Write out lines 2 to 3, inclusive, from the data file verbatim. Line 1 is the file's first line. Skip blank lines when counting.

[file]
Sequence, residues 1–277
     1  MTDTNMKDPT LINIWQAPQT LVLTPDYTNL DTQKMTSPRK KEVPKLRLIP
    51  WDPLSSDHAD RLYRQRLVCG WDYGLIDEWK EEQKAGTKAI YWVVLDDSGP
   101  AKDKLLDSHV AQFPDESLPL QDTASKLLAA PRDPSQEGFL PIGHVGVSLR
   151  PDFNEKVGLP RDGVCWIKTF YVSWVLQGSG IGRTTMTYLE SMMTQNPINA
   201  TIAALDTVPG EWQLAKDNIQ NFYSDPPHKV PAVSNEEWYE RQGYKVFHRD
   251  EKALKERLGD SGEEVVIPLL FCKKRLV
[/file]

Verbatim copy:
     1  MTDTNMKDPT LINIWQAPQT LVLTPDYTNL DTQKMTSPRK KEVPKLRLIP
    51  WDPLSSDHAD RLYRQRLVCG WDYGLIDEWK EEQKAGTKAI YWVVLDDSGP